The woman to whom he was speaking (a classical pianist) replied, “For all of its presets, custom voice ensembles, special effects, and computerized rhythm and sequence programmers, a synthesizer is nothing but a hybrid of a jukebox and a pinball machine.”

One of the main characters was a Chopin specialist and pianist. She was a stunningly beautiful African-American woman whose father was a well-known jazz pianist. Reconciling his love for this gifted musician with his opinion of Chopin, “did not like Chopin, who seemed to him a gifted amateur, a musical polyglot and a capricious, pampered wunderkind who had never developed into a classical composer. Chopin’s evanescent, donnish and fragile music simply was not universal, could never inspire the masses; it belonged in velvet chambers, in elitist concert halls, in music schools. There was also an ephemeral, almost ragtime quality in Chopin that didn’t care for–the very quality that had made Chopin, an uprooted Pole transplanted to France, so popular a century later with black ragtime pianists of New Orleans–who probably learned about him through the city’s Francophile coterie.

The rhythm of Kosinski’s writing is infectious. His was known for the meticulous attention he paid to the efficiency of his writing, taking years to finish each novel and often condensing the original text by as much as one third. In an interview with Daniel J. Cahill, he admitted, “When I face the galley-proofs I feel as though my whole life was at stake on every page and that a messy paragraph could mess up my whole life from now on. As I have no children, no family, no relatives, no business or estate to speak of, my books are my only spiritual accomplishment, my life’s most private frame of reference, and I would gladly pay all I earn to make it my best.”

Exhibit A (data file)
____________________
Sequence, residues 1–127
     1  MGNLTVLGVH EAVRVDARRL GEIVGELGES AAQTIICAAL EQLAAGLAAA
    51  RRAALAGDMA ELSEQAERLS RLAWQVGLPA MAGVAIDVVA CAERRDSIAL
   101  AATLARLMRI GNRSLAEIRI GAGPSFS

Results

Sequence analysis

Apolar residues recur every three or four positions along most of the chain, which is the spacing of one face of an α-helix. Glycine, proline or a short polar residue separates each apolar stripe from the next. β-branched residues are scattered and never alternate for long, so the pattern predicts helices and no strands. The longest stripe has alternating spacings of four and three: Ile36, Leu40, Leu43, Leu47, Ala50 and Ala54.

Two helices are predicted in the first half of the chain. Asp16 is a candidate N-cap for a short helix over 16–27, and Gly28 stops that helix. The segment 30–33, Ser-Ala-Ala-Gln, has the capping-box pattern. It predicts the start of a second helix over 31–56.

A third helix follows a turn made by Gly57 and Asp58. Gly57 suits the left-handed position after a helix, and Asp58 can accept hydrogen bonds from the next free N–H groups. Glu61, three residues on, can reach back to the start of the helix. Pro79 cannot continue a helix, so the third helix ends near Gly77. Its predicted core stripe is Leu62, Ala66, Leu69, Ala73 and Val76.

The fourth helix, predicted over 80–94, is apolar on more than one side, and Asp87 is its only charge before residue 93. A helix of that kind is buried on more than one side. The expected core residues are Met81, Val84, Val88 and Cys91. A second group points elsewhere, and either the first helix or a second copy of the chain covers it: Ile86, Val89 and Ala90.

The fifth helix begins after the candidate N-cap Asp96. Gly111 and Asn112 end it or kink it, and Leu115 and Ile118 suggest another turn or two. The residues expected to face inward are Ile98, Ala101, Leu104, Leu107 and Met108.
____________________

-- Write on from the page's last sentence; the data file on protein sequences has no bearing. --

Goddard later runs into another woman who, not knowing she is speaking to her favorite artist, describes his music and her intense love of it. “He is original because he makes one feel original too. Such a feeling is the greatest gift an artist can give–and only a great artist gives it.”

I believe that speaks accurately and eloquently of how I feel reading Pinball.

The story is filled with insights and observations that seem to arise from candid conversations with characters feeling as real as they are knowledgeable. I always finish the book with a deeper connection with the mechanics and process of musical creation. I’ve read several of Kosinski’s books and they all deeply immerse the reader in the rich experience of the characters. After all, he is known for his intense research and the autobiographical nature of his stories.

His life was anything but dull. Were it not for a delay due to lost luggage, he would have been with Sharon Tate along with his pal Roman Polanski the night of the Manson murders at Tate’s Los Angeles home. Plagued with illness and stressed by numerous accusations of plagiarism, Kosinski committed suicide in 1991. His suicide note read simply, “I am going to put myself to sleep now for a bit longer than usual. Call it Eternity.”

In the next post, I’ll share my thoughts on The Jazz of Physics.